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      Tommy Kirk

      Tommy Kirk

      Highest Rated: 100% Old Yeller (1957)

      Lowest Rated: Not Available

      Birthday: Dec 10, 1941

      Birthplace: Louisville, Kentucky, USA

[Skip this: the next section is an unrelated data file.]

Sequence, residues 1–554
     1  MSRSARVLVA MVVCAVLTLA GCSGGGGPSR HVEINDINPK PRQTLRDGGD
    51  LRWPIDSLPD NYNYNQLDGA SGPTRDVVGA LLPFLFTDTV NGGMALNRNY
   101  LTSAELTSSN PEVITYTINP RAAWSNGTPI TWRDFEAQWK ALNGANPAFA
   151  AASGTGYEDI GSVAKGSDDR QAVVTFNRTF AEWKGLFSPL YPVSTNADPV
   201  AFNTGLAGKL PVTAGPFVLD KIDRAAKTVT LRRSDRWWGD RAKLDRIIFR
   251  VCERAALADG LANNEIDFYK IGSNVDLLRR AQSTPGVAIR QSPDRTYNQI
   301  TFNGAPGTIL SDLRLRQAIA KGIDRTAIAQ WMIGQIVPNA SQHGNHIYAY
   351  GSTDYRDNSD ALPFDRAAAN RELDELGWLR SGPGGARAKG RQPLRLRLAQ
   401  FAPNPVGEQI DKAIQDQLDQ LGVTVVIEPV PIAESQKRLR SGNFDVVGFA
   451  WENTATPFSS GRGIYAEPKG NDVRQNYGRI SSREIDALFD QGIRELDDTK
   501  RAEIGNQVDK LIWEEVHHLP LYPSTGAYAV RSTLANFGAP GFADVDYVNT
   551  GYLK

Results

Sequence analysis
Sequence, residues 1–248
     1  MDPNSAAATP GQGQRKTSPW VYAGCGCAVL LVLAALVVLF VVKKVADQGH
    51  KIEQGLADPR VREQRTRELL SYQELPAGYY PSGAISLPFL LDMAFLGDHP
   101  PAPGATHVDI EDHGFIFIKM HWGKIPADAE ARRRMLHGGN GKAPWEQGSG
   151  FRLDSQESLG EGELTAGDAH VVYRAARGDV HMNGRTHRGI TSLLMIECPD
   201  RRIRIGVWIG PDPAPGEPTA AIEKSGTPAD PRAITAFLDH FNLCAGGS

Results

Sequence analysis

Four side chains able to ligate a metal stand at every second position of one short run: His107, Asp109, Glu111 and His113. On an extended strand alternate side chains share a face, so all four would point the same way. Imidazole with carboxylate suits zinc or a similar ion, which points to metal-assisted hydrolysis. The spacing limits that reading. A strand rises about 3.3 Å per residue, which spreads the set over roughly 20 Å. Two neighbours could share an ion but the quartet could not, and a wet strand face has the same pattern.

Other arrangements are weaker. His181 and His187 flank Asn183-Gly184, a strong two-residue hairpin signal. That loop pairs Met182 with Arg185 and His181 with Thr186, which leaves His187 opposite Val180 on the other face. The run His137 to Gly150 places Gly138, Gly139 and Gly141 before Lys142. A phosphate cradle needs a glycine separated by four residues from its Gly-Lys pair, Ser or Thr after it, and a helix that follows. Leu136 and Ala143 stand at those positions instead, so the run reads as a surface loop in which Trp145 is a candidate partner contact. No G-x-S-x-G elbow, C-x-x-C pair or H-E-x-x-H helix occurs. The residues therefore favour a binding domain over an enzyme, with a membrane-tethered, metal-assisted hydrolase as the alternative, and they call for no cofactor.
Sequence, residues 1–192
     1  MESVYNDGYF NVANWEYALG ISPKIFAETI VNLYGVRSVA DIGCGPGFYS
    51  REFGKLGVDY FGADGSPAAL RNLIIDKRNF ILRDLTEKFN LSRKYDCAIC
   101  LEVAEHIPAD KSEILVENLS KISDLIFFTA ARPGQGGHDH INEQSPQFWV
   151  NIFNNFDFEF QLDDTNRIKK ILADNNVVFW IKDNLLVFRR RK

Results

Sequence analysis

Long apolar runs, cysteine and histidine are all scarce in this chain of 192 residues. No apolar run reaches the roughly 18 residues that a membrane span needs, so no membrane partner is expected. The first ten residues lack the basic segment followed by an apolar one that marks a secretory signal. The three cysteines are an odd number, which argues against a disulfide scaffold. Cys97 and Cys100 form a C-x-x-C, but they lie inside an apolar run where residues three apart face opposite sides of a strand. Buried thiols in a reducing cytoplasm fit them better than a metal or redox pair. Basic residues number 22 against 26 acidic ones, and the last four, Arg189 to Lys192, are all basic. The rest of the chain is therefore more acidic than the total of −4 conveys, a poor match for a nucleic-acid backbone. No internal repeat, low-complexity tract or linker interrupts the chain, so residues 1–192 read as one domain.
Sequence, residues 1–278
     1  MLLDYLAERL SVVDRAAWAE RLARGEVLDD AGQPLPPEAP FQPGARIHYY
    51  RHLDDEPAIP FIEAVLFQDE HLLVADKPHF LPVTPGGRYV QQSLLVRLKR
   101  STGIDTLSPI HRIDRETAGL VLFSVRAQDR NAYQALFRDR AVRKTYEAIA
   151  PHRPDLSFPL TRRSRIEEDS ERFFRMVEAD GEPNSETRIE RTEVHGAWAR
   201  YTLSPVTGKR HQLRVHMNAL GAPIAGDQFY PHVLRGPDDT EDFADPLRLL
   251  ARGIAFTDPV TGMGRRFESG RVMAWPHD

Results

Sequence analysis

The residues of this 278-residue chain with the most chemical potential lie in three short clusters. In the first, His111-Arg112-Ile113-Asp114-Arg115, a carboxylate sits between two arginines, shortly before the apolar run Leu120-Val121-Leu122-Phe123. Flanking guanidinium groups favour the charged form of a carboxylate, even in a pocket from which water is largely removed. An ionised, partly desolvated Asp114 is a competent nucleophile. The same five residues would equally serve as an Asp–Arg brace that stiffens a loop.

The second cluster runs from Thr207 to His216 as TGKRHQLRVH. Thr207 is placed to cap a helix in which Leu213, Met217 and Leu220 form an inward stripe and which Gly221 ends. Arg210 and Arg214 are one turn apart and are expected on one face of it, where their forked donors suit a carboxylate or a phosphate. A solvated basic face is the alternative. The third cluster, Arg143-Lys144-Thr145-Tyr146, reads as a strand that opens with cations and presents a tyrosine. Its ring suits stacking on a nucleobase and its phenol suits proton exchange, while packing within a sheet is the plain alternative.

A likable, boyish player in Walt Disney Pictures' film and television efforts during the late 1950s and early 1960s, Tommy Kirk played good-hearted if hapless boys and teenagers in such popular live-action pictures as "Old Yeller" (1957), "The Shaggy Dog" (1957), "The Absent-Minded Professor" (1962) and "The Misadventures of Merlin Jones" (1964). Kirk left acting by the 1970s and opened his own successful business. Kirk's best efforts made him one of Disney's most beloved and most recognizable young performers. Born Thomas Lee Kirk in Louisville, KY on Dec. 10, 1941, he was the second of four sons by parents Louis and Lucy Kirk. The family relocated to a ranch near Pacoima, CA, where Kirk spent most of his childhood riding horses. At age 12, he was dared by an older brother to try out for a production of Eugene O'Neill's "Ah, Wilderness!" at the Pasadena Playhouse. There, he met and performed alongside Bobby Driscoll, a former child star whose own stratospheric rise and tragic fall would echo Kirk's life and career path. While appearing in the play, Kirk was discovered by talent agents, who landed him his television debut on the anthology series "TV Reader's Digest" (ABC, 1955-56). More small screen appearances followed, as well as "Freedom's Highway" (1956) a promotional short made by Greyhound Lines. That same year, he auditioned for a serial on "The Mickey Mouse Club" called "Young Davy Crockett." The project never came to fruition, but producers kept him in mind while casting another serial, this time based on the popular Hardy Boys mystery novels. His slight stature and youthful appearance made him the perfect choice to play Joe Hardy, younger brother to Tim Considine's Frank Hardy, in "The Mystery of the Applegate Treasure" (1956-57). Kirk was also sent by Disney to cover the 1956 Republican and Democratic presidential conventions for their newsreels, and lent his voice to a variety of their projects, including several travelogues and animated shorts. The turning point for Kirk's career proved to be "Old Yeller" (1957), a heart-rending adaptation of the Fred Gipson novel about the bond between a young boy (Kirk) and his dog. The film's conclusion, which finds Kirk forced to shoot his beloved pet after it contracts rabies, became a pop culture touchstone and a litmus test for many viewers' fortitude, with those who admitted to crying during "Old Yeller" being universally branded as "softies." The film's popularity boosted Kirk's screen profile considerably; so much so that when he returned for the second Hardy Boys serial, "The Mystery of Ghost Farm" (1957), he was granted quite a bit of screen time. By this time, he had surpassed co-star Considine as the top juvenile lead at Disney, and a favorite of company head Walt Disney himself. Kirk was placed under contract with Disney in 1957, and soon graduated to feature films. He was the teenaged lead in "The Shaggy Dog," Disney's live-action comedy-fantasy about a young science whiz who accidentally turned himself into the title canine with the help of a magic ring. A major hit with young audience, it was the top-grossing film of 1957, besting even "Ben-Hur" (1957) at the box office. Kirk was quickly cast in Disney's big-budget adaptation of "Swiss Family Robinson" (1960) as Robinson's middle son, Ernst. Another giant success for Disney, it too earned the top rank at the 1960 box office tally, and further boosted Kirk's status as a teen idol. The Disney publicity department fed young female readers' eagerness for news about Kirk by concocting elaborate photo shoots that depicted him on dates with his "Shaggy Dog" co-star, Roberta Sherwood, and living what appeared to most eyes as an all-American lifestyle. However, the reality of Tommy Kirk's existence was quite different from what the Disney press machine extolled. Off-camera, Kirk was something of a libertine with a taste for hard partying; he was also gay, a fact that put his career in serious jeopardy. Yet he did little to cover his tracks; late nights left him unprepared and bereft of energy for a day's shooting, but Kirk was a major star for Disney; more importantly, his pictures made money, so the company was more than willing to look past his after-hours proclivities as long as they did not interfere too drastically with his work. The year 1961 saw Kirk add another hit to his growing résumé with "The Absent-Minded Professor," an energetic science fiction-comedy about a genial scientist (MacMurray) who invents "flubber," a substance that gains energy when it strikes a hard surface. Kirk was again the juvenile lead, a high school basketball star who benefits from MacMurray's invention during an important game. After more supporting turns in "Babes in Toyland" (1961) and "Moon Pilot" (1962), Kirk was granted his first starring role in "The Misadventures of Merlin Jones" (1964) as an amiable yet accident-prone scientist-in-training who creates a helmet that allows him to read minds. Kirk's co-star was his female equivalent for Disney, former Mouseketeer Annette Funicello. "Merlin Jones" would prove to be Kirk's biggest success with Disney, as well as his Hollywood swan song. A woman approached Disney with a complaint about Kirk's relationship with her 15-year-old son, and Kirk's contract was summarily dropped. He was allowed to complete work on "The Monkey's Uncle" (1965), the sequel to "Merlin Jones," which also marked Funicello's last appearance in a Disney film. Both she and Kirk would head to American International Pictures (AIP), a low-budget company that had struck gold in 1963 with "Beach Party," an innocuous blend of surfing, sex comedy and slapstick. Kirk was quickly snapped up by AIP, which cast him as the male lead opposite Funicello in "Pajama Party" (1964), an absurd comedy about an alien (Kirk) who lands on Earth to study human mating rituals. However, Kirk's brief return to the spotlight was squelched by his bad habits. On Christmas Eve 1964, he was arrested for drug possession at a party, which effectively killed his planned comeback in the John Wayne Western "The Sons of Katie Elder" (1965). He returned to diminished roles in a string of films for AIP, including "Village of the Giants" (1965) and "Dr. Goldfoot and the Bikini Machine" (1966). By the late 1960s, Kirk had been dispatched to AIP's television division for no-budget horrors like "Mars Needs Women" (1967), a straight-faced remake of "Pajama Party," and efforts for exploitation filmmakers like Jack H. Harris with "Mother Goose A-Go-Go" (1966), Larry Buchanan with "It's Alive" (1968) and Al Adamson with "Blood of Ghastly Horror" (1972). During this period, Kirk's drug and alcohol problems ran unabated, which eventually hampered his speech. In the 1970s, Kirk sought help for his dependency issues, and after gaining sobriety, started his own dry-cleaning business, which he managed well into the 1990s. Kirk also acted on occasion, though mostly in films like "Attack of the 60 Foot Centerfold" (1995) and "Billy Frankenstein" (1998). In 2006, the Disney Company inducted Kirk into their Disney Legends program, which recognized individuals who had made exceptional contributions to the company. The honor coincided with the release of his Hardy Boys series on DVD that same year. Tommy Kirk died on September 28, 2021 in Las Vegas, NV at the age of 79.